This new year should be a good one. It seems preordained.

It’s the symmetry of 2020. Or maybe it’s that perfect eyesight is 20/20. May our decisions in the new year be made with perfect clarity. Here’s to hoping that comes to pass, however unlikely.

I know it doesn’t seem to be so, but we are currently living in the best of times. As a student of history, I spend a lot of my time looking back. I know this to be true.

It isn’t an accident. It’s been done very much on purpose. In 2020, we should continue to strive for a better future. It doesn’t take huge, Earth-shattering shifts. We can do it with simple, tiny steps in our own backyards.

For a time, I lived in northern Idaho. One of the enduring qualities of folks in that region is they would never deign to tell someone what to do. It is the polar opposite of a Southerner, who feels compelled tell you exactly how you should live your life.

Out there, a man only offers advice in the third person. Your barn could be engulfed in flames, and your neighbor would draw a deep breath before saying, “What a fella could do is grab that hose and put it out.”

The same was true with directions. I asked a guy at the gas station how to get somewhere, and he started by saying, “What a guy could do …”

In that vein, here’s what a guy or gal could do to make 2020 a great year:

A guy could stop spending so much time on social media. Facebook, Twitter, etc. are not making the world a better place. These platforms are damaging the fabric of our society.

Grown men and women explode in anger at their friends’ political posts. They grow jealous of seeing pictures of their friends and family in exotic locales, or gathering without them.

If a guy spent less time on social media, he wouldn’t regret it.

A gal could spend more time learning about her community, meeting people with similar interests and offering new perspectives.

There are organizations at the hearts of all of our communities. The Buckhead Heritage Society, Heritage Sandy Springs and the Vinings Historic Preservation Society all present programs and events aimed at building a better future by knowing the past.

Each has a website listing its events. For example, on Jan. 8, John Beach will present a program for Buckhead Heritage on the historic trees and resources in and around Buckhead. Visit www.buckheadheritage.com for more information.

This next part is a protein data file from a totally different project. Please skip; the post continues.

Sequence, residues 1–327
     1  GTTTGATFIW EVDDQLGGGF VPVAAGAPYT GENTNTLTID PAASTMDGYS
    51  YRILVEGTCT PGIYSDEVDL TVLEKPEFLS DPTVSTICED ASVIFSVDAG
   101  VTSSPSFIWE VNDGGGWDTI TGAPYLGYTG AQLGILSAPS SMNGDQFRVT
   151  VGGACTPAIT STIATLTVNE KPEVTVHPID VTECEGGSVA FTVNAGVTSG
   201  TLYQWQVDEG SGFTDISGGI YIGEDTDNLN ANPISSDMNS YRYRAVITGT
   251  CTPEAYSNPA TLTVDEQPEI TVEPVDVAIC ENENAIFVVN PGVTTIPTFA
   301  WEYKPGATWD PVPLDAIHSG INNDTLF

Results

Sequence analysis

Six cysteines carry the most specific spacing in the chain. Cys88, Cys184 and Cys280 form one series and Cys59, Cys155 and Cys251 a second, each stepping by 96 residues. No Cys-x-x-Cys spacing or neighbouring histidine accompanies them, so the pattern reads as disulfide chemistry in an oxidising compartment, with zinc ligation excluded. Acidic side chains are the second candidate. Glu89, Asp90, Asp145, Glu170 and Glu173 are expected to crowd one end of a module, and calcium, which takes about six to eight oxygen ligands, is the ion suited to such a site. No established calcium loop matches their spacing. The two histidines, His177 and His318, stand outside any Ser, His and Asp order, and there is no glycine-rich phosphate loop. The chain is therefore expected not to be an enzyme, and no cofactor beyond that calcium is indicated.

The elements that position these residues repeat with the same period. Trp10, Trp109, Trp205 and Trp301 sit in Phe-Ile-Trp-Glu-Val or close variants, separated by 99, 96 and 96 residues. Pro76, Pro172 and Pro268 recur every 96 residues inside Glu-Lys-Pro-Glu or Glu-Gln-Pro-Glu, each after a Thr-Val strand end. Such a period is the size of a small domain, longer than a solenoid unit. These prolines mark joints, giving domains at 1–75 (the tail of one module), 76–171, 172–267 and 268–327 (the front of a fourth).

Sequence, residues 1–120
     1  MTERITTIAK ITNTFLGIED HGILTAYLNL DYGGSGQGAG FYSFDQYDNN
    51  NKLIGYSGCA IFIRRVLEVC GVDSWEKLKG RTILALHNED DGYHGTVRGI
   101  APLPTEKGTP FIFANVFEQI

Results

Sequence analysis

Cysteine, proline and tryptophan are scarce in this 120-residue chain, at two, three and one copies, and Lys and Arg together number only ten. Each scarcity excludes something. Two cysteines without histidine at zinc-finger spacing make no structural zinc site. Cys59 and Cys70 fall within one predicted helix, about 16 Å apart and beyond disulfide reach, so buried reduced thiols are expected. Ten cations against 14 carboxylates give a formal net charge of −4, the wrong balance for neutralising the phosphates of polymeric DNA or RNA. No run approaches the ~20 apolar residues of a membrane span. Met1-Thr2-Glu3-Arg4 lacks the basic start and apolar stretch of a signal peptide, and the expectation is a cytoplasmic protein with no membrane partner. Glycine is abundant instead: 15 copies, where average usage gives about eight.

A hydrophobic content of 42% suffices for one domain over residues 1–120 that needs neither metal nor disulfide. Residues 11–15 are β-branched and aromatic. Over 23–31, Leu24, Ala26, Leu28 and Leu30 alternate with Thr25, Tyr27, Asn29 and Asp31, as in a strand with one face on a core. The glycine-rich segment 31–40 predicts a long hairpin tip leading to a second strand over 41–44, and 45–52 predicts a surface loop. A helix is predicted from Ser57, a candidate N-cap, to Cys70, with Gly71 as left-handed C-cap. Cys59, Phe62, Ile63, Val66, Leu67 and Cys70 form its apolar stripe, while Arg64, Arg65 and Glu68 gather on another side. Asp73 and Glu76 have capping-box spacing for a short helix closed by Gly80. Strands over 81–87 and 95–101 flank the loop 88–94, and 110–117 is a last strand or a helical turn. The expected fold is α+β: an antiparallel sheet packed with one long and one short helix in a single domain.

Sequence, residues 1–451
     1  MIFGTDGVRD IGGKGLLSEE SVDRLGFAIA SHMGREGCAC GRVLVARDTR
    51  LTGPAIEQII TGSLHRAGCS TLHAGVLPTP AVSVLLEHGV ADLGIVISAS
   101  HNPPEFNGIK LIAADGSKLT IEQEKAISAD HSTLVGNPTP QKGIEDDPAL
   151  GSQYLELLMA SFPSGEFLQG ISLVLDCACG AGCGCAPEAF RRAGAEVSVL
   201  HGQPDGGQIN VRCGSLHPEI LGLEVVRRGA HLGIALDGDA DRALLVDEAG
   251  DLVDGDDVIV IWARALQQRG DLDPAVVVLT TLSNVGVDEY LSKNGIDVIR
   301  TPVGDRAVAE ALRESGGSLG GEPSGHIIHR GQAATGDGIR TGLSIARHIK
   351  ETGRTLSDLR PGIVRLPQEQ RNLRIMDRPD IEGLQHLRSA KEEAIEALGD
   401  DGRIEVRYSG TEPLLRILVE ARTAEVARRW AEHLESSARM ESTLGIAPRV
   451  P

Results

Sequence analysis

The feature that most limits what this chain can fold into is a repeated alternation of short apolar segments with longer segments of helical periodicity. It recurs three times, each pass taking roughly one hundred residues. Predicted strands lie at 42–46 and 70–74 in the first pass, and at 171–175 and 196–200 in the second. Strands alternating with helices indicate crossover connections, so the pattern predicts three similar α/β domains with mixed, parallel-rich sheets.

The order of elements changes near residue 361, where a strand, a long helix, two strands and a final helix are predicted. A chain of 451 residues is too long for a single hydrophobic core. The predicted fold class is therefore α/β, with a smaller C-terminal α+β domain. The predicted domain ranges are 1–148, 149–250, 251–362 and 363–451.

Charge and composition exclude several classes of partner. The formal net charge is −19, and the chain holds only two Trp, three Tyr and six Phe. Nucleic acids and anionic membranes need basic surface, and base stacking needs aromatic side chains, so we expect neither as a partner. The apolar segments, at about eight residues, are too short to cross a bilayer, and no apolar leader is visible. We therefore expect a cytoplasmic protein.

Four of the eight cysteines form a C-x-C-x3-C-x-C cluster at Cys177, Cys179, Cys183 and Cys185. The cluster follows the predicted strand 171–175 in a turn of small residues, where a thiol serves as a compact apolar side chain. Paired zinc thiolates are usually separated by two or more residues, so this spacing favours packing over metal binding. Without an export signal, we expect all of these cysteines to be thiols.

These groups also represent the best value in Atlanta. A gal should consider joining them to keep abreast of the happenings in her own backyard and to build friendships with her neighbors.

Rather than glaring at each other over spotlight-hogging national headlines, a gal could bond with these same people through a shared passion of their community.

And I’ll tell you what else a guy could do — stop watching cable news.

Brains get scrambled every time one of those programs is on. They seem to thrive on people shouting over each other without perspective or experience, just a message to deliver.

When the mission is the message, they aren’t interested in listening, just shouting.

A guy could go back to reading the local paper, and there is no more local paper than this one. You can even read it online if that’s your bag.

People spend far too much energy and effort on huge, unwieldy national issues.

But all politics is local. A guy should be mindful and pay attention to what is happening on his street, at his church, in his schools and at the city council and county commission meetings.

Those are far more impactful than what is happening nationally. And yet a guy spends all day talking about a tweet from someone he never met.

Here’s to being a bit more aware, a bit more thoughtful and bit better connected — really connected — in 2020.

It’s what this guy is going to do.

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Buckhead resident Thornton Kennedy is the president of PR South and a former news editor of this paper. He can be reached at tkennedy@prsouth.net.

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